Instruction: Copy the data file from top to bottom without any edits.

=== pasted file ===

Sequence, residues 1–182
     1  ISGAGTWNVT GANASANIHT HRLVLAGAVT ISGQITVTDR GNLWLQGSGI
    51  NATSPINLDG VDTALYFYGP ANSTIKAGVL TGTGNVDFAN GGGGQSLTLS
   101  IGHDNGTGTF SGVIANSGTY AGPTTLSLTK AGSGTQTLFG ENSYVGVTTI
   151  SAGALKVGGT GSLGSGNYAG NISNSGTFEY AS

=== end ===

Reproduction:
Sequence, residues 1–182
     1  ISGAGTWNVT GANASANIHT HRLVLAGAVT ISGQITVTDR GNLWLQGSGI
    51  NATSPINLDG VDTALYFYGP ANSTIKAGVL TGTGNVDFAN GGGGQSLTLS
   101  IGHDNGTGTF SGVIANSGTY AGPTTLSLTK AGSGTQTLFG ENSYVGVTTI
   151  SAGALKVGGT GSLGSGNYAG NISNSGTFEY AS